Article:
Trial begins in Pitino extortion case

LOUISVILLE, Ky. -- A Kentucky woman lied repeatedly in an attempt to extort millions from the University of Louisville's basketball coach, then traded sexual favors and lied again to cover up her crime, federal prosecutors said at the start of her trial Monday.

Assistant U.S. Attorney John Kuhn told jurors that Karen Cunagin Sypher threatened to ruin Rick Pitino's reputation with false allegations of rape and forced abortion.

"I submit to you that you will not believe a word she has to say about anything," Kuhn said.

Sypher, 50, has pleaded not guilty to extortion, retaliating against a witness and lying to the FBI. She is accused of demanding college tuition for her children, her house to be paid off and $10 million.

A jury of eight men and eight women were selected to hear the case. Four jurors will be excused as alternates before deliberations begin.

Sypher's attorney, James Earhart, told jurors Pitino pulled strings and used his influence to cover up his sexual assault of Sypher and others had their own motives for manipulating his client.

"What this case is about is power, money and influence," Earhart said. "It's about what happens when you are raped by a person with power, influence and money and you have to be destroyed."

The prosecutor walked jurors through the relationship between Sypher and Pitino, which began with a sexual encounter at an Italian restaurant in Louisville in 2003. Sypher later told Pitino she was pregnant, planned to have an abortion but did not have medical insurance. He told police he gave her $3,000, which his attorney said was for insurance, not an abortion.

Six years later, Kuhn said, Sypher approached a longtime friend, Lester Goetzinger, and traded sexual favors for his making phone calls in February 2009 to Pitino threatening to tell the public that the coach raped Sypher in 2003. Kuhn played part of one call for jurors.

"You need to do the right thing, that's all," Goetzinger is heard saying on the tape.

A month later, Sypher traded sexual favors with attorney Dana Kolter, who then signed a joint letter with his client demanding money and threatening to file suit over the 2003 sexual encounter, Kuhn said.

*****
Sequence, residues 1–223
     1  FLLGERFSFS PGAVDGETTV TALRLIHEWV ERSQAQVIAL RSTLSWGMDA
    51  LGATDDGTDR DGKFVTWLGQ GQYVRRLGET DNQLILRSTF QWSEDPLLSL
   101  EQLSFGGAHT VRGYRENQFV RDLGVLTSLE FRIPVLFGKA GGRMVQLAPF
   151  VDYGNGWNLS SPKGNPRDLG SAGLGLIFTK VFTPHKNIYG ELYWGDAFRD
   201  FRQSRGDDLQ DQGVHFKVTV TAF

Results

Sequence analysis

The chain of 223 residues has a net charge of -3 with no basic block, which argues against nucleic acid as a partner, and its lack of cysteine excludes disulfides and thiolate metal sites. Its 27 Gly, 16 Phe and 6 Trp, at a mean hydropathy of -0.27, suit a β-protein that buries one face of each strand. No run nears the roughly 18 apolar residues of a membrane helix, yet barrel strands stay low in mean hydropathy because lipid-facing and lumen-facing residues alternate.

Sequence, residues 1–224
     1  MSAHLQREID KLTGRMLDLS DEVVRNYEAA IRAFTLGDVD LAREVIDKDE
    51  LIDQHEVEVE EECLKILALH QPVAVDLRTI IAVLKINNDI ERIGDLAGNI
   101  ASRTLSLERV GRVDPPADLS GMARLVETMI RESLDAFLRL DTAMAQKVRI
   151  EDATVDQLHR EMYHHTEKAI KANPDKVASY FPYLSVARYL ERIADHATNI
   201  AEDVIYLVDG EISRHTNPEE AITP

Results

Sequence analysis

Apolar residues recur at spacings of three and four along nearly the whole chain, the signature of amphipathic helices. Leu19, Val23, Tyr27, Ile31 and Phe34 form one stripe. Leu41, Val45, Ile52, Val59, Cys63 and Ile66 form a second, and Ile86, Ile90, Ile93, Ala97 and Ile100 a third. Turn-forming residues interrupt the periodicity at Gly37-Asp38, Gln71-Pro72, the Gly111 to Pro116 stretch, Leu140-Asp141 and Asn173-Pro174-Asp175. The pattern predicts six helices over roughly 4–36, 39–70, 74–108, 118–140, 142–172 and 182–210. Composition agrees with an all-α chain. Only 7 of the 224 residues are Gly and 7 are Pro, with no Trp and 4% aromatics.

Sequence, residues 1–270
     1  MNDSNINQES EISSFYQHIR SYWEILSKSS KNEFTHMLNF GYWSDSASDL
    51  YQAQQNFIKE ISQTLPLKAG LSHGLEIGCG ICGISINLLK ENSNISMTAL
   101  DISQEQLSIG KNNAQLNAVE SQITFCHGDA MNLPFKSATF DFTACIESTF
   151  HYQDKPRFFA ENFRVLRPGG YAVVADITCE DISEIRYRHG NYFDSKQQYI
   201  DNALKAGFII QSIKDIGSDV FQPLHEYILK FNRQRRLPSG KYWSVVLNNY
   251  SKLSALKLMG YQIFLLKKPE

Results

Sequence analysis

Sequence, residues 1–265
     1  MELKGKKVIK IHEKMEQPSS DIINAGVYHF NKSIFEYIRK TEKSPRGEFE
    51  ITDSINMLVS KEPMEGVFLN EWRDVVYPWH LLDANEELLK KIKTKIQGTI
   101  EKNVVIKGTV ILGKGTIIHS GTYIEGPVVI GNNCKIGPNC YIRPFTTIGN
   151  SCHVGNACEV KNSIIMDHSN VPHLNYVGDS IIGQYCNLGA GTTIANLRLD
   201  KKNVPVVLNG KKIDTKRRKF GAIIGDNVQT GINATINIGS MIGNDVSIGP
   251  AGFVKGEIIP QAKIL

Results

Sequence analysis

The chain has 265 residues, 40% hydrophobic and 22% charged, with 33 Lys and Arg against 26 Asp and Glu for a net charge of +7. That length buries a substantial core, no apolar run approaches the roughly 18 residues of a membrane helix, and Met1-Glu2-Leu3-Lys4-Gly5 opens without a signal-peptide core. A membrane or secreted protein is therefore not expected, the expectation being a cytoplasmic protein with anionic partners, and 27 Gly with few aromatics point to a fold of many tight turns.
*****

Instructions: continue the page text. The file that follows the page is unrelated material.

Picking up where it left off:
Earhart said Kolter suggested suing Pitino, not Sypher. And Earhart described Goetzinger as being obsessed with Sypher, comparing him to Glenn Close's character in the movie "Fatal Attraction," in which she became obsessed with a man, eventually trying to take over his life and later kill him.

"He's infatuated with her," Earhart said. "I'm not going to use the word stalker, but in some ways he is."

Kolter, who hasn't been charged, and Goetzinger, who reached a deal with prosecutors, will testify later at trial.

Pitino reported the extortion attempts to the FBI, which interviewed Sypher several times. Kuhn said Sypher lied repeatedly to investigators about who made the calls, her relationship with Kolter and what happened at the restaurant, Porcini.

"If you boil all that down, what this case ultimately leaves you with is lies," Kuhn said.

Sypher filed a report with the Louisville police department in June 2009 accusing Pitino of rape in 2003. Federal prosecutors say the police report was in retaliation for Pitino reporting the alleged extortion attempt to the FBI.

State prosecutors have said Sypher's claim is without merit. Kuhn said the report is the basis for the charge of retaliating against a witness.

Earhart said Sypher didn't call the police after leaving Porcini because she didn't think anyone would believe her. After telling Pitino she was pregnant, the coach made a veiled death threat, Earhart said.

"He makes a suggestion of something having to do with concrete shoes and a river if this matter can't be resolved," Earhart said.

FBI special agent Steven Wight told jurors about three meetings in February 2009 between Pitino and Sypher in which the coach asked about the threatening phone calls. Wight said Sypher denied knowing who made the calls.

The agent said Pitino also asked Sypher what would "make her life easier." Wight didn't give context for comment.

At the third meeting, all of which took place at the University of Louisville basketball practice center, Sypher asked Pitino for a house, cars, and money. Wight said Sypher had picked out a pearl white Lexus LX470, which sold at the time for $60,000-70,000.

"She said she would remain silent, be quiet, in exchange," Wight said. "That implied that if she did not get them, she would not keep silent."

Pitino has coached at Louisville since 2001, a job he took after leaving the NBA's Boston Celtics, where Sypher's estranged husband, Tim Sypher, served as special assistant to Pitino. Tim and Karen Sypher are in the midst of a divorce. They have a young daughter together.

Pitino has coached three different schools to the Final Four -- Louisville, Providence and Kentucky, where he won a national title. Along with the Celtics, Pitino also coached professionally with the New York Knicks.